CINEMA: The Creation Records Creation Myth


THE GUARDIAN: There’s one great stroke of genius to Upside Down, Danny O’Connor’s chronicle of the birth, glory years and demise of mouthy mogul Alan McGee’s iconic record label. It’s the lack of a voiceover: O’Connor eschews traditional narration in favour of nuggets of rock’n’roll wisdom, spoken by ageing Irish DJ, music guru and McGee’s Death Disco co-conspirator BP Fallon (“purple-browed beep” in T Rex’s Telegram Sam). Fallon is shot in monochrome and beamed onto a grainy 50s TV set – a move that ensures the film stays in tune with the vibe of the bands Creation championed: amongst others Primal Scream, My Bloody Valentine, The Pastels, The Jazz Butcher, Felt, Ride, Super Furry Animals, and most lucratively, Oasis.The main players tell the story themselves in interviews spliced with archive footage from throughout Creation’s 20-odd year history. MORE

WIKIPEDIA: Alan McGee formed Creation Records following the culmination of various projects including fanzine Communication Blur, his own rock outfit The Laughing Apple (with future Primal Scream guitarist and long time friend Andrew Innes) and his running of the venue The Communication Club. Initially, McGee wished to provide an outlet for like minded musicians and an opportunity for young bands to see their work on vinyl; primarily the label was in opposition to the “manufactured” synth pop of the era that bore little resemblance to the work of his favourite acts including Public Image Limited and The Sex Pistols. Creation was among the key labels in the mid-1980s Indie movement, with early artists such as The Jesus and Mary Chain and Primal Scream. The Jesus and Mary Chain went to record for Warner Brothers in 1985, yet McGee remained as their manager. With the profits he had made from the band, he was able to release singles by label acts such as Primal Scream, Felt, and The Weather Prophets. McGee had enthusiasm and an uncanny ability to attract the weekly music media, and he was able to get a growing underground following. In their early days, he was able to project a notorious image of The Jesus And Mary Chain, which had often courted violence and loutish behaviour.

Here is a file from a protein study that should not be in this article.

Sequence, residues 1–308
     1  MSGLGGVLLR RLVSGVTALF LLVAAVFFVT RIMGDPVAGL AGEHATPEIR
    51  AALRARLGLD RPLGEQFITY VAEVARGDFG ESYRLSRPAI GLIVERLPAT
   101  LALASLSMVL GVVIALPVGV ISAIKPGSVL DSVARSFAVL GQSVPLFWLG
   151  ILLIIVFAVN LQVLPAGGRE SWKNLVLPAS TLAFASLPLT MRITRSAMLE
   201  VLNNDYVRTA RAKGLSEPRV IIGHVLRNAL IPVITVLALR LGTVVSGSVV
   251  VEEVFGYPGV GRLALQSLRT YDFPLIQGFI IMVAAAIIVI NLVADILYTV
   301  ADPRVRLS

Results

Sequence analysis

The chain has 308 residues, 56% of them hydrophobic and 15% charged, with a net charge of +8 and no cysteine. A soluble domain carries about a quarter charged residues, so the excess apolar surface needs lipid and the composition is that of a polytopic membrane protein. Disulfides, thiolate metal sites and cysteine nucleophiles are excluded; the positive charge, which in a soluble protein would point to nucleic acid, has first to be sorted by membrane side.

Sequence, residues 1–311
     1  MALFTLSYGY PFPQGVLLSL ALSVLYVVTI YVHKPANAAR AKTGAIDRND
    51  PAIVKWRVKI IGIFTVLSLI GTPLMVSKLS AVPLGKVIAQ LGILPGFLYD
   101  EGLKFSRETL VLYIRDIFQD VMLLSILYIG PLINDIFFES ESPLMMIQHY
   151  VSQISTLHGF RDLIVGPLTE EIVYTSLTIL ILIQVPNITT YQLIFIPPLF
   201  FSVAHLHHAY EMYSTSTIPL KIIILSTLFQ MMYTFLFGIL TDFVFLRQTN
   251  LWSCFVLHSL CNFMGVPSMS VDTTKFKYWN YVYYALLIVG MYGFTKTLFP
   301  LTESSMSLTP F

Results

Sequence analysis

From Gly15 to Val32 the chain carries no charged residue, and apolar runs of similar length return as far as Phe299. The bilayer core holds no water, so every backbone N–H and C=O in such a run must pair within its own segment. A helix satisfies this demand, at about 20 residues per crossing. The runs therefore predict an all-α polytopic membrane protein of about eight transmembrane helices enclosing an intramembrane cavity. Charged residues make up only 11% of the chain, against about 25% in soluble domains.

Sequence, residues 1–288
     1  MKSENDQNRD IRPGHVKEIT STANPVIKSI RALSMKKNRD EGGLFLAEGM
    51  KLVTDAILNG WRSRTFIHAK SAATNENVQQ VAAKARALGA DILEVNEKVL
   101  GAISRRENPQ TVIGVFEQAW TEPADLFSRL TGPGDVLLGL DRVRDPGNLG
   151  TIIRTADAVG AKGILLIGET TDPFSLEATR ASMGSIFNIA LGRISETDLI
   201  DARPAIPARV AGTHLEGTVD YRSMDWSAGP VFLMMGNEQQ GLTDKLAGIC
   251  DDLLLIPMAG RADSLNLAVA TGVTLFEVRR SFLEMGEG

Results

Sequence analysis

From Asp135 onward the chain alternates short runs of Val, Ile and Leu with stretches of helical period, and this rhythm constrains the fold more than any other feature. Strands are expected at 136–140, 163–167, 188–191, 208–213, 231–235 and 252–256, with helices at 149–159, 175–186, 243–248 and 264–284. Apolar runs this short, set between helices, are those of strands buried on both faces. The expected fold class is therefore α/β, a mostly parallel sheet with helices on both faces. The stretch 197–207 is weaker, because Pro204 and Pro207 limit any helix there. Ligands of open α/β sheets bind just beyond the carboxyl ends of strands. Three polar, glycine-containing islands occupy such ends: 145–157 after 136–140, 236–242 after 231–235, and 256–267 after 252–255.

Following an unsuccessful attempt to run an offshoot label for Warner Brothers (Elevation Records), McGee regrouped Creation and immersed himself in the burgeoning dance and acid house scene starting in the late 1980s. Those scenes had influenced Creation mainstays such as Primal Scream and Ed Ball, as well as newer arrivals such as My Bloody Valentine. While Creation Records’ releases at this time tended to be critically acclaimed, they tended not to be major commercial hits. Creation had run up considerable debt that was only held off until he sold half the company to Sony Music in 1992. There were reports of McGee’s escalating drug use, as well as numerous and conflicting reports of the label being nearly bankrupted after funding the two-year long recording of My Bloody Valentine’s 1991 Loveless LP.
Sony years. After selling to Sony, Creation had signed Oasis, whose Definitely Maybe LP became a huge critical and commercial success. The band went on to epitomize the cultural Britpop movement of the mid-90s. The success of Oasis was unprecedented for an act on an independent label. Their second album, (What’s the Story) Morning Glory? became the biggest selling British album of the decade. MORE